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Senate Bill 59 – All-party consent for recording non-public conversations
(Status: Did not make crossover deadline,  held in Senate Judiciary Committee)

Current Georgia law generally allows a person to make an audio recording of any conversation that he or she is a part of, including conversations in which the person is subjected to verbal abuse, threats or asked to participate in wrongdoing. The ability to record such conversations with a smartphone or other device is an important tool for citizens seeking to protect themselves. Senate Bill 59 would change the law and require citizens to get permission from every other party to a conversation in a non-public setting before making an audio recording. This bill follows last year’s audio recording of then Lt. Gov. Casey Cagle saying he supported a “bad” bill to gain an advantage in the race for governor. Republican gubernatorial candidate Clay Tippens made the recording.

Read GFAF President Richard T. Griffith’s commentary about how this bill could infringe on citizens’ ability to protect themselves and give a free pass to the bad guys.


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House Bill 316 – Provides for uniform election equipment and ballot-marking devices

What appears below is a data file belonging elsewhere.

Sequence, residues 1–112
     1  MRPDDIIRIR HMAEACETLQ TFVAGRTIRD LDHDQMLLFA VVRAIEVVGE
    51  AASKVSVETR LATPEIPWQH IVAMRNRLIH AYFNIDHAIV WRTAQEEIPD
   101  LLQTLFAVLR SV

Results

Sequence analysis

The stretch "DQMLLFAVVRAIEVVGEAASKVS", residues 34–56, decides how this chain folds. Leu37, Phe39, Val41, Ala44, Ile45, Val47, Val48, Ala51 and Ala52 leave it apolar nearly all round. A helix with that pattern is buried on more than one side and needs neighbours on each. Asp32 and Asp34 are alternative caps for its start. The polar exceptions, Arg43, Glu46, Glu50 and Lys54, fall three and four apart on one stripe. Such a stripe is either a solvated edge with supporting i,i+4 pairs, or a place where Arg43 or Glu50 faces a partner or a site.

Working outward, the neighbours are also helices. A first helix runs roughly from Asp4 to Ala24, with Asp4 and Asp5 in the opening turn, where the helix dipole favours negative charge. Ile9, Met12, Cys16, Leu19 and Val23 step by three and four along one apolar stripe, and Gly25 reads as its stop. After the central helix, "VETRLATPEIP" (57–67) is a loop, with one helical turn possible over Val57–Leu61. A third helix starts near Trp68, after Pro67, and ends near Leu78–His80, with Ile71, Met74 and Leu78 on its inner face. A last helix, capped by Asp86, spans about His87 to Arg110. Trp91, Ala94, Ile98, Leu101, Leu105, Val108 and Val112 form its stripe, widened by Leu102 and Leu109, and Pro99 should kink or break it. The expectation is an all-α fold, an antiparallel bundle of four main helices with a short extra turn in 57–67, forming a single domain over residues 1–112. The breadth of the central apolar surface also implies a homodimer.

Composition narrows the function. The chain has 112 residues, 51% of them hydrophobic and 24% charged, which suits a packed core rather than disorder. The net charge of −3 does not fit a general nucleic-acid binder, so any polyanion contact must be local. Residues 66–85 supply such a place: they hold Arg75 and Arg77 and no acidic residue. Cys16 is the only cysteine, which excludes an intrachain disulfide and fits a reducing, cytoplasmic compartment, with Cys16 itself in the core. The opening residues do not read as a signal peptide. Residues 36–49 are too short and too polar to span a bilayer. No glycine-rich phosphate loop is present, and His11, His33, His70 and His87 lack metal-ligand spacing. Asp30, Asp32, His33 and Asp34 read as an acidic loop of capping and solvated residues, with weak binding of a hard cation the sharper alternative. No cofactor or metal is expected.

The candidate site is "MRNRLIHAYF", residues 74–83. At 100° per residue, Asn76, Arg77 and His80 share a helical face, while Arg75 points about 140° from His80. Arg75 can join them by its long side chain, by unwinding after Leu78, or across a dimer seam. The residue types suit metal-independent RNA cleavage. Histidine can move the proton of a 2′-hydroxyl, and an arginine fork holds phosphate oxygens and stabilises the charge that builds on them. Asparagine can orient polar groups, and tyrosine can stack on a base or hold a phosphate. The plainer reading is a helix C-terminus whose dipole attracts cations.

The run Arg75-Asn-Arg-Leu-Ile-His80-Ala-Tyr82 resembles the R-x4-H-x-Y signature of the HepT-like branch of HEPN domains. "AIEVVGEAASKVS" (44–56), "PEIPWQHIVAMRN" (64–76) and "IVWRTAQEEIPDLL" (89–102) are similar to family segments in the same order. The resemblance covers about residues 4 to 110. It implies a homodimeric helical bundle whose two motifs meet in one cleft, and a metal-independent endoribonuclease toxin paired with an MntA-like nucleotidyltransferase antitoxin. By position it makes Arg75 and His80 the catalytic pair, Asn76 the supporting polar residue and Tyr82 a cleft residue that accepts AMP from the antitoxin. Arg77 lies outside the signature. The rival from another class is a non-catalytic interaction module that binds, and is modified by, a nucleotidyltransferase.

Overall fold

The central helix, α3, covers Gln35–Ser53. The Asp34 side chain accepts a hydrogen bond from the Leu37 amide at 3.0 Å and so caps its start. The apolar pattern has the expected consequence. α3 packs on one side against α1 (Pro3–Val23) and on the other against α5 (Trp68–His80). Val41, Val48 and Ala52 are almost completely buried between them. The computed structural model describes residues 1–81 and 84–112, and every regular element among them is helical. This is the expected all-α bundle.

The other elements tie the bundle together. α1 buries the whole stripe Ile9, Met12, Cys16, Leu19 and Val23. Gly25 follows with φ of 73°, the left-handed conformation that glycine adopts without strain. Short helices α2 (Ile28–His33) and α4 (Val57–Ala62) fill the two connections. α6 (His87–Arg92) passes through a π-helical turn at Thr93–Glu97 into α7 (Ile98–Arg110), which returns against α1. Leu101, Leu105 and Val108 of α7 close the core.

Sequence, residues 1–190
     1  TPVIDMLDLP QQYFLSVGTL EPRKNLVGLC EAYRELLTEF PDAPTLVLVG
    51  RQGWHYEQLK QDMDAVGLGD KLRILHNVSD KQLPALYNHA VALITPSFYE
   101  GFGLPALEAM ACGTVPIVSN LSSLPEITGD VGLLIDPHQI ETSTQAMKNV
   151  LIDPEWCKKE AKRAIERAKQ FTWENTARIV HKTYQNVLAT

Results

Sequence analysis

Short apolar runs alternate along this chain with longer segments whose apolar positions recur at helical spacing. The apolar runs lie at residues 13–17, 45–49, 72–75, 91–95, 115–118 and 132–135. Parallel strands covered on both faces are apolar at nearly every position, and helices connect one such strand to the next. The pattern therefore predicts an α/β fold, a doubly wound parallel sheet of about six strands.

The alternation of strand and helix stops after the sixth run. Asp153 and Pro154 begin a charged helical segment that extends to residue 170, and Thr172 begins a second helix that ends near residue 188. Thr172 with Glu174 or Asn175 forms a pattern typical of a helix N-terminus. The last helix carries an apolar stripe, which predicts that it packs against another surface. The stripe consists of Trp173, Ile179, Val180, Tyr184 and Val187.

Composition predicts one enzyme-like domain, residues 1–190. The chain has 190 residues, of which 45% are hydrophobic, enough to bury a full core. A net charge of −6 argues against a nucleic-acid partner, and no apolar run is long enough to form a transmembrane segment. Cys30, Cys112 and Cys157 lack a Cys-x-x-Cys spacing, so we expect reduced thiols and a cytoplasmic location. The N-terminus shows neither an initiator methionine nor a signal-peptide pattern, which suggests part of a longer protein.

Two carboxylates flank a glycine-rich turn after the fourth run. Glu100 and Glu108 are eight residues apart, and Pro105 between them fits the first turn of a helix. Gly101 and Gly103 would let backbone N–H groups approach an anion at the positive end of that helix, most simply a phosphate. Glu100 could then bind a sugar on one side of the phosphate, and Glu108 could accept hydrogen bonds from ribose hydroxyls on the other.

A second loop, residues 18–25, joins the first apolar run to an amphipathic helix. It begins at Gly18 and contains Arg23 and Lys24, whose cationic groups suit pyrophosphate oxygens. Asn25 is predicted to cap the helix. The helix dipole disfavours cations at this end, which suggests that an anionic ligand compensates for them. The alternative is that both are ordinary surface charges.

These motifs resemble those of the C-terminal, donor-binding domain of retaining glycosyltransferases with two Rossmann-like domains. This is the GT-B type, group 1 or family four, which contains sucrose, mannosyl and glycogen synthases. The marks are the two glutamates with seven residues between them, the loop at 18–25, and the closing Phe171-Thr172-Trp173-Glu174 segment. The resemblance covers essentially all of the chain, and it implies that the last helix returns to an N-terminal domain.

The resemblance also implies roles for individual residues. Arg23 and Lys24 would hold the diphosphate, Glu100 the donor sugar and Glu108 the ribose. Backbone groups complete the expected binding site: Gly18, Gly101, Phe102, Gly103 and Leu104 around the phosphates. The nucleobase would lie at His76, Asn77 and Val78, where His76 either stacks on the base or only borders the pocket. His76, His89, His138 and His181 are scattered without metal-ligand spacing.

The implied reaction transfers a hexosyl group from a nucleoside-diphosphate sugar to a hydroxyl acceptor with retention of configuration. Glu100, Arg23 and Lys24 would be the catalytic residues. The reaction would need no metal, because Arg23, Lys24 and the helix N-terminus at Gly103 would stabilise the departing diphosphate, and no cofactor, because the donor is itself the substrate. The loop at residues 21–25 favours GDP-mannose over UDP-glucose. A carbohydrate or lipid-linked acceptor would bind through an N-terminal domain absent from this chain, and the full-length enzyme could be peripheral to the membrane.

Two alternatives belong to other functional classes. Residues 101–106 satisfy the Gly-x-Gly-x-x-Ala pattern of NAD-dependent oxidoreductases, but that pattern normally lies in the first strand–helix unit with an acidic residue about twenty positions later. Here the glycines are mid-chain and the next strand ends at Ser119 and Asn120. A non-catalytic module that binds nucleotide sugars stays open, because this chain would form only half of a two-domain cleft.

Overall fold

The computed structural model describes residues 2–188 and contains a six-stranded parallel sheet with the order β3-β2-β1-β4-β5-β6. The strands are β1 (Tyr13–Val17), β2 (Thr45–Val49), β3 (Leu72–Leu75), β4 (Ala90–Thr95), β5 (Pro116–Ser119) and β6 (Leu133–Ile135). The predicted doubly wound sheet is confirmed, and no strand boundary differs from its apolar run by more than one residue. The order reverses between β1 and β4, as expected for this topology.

(Status: House approved 101-97 Feb. 26, Senate approved 35-21 March 13. Awaits governor's signature)

GFAF pushed to amend a portion of House Bill 316, which generally lays the foundation for Georgia to adopt a new touch-screen voting system and to rectify issues in its current voting procedures. In Section 7, the Bill authorizes the secretary of state to become a member of a “nongovernmental entity whose purpose is to share and exchange information in order to improve the accuracy and efficiency of voter-registration systems.” The bill then broadly exempts the secretary of state from having to publicly disclose any “information received” from this nongovernmental entity. That provision is far too broad. It may be appropriate to exempt certain confidential voting data provided by the organization, but any “information received” from the organization would conceal information, including routine communications about the goals, purposes and strategies for an organization that will apparently operate outside of traditional governmental checks and balances.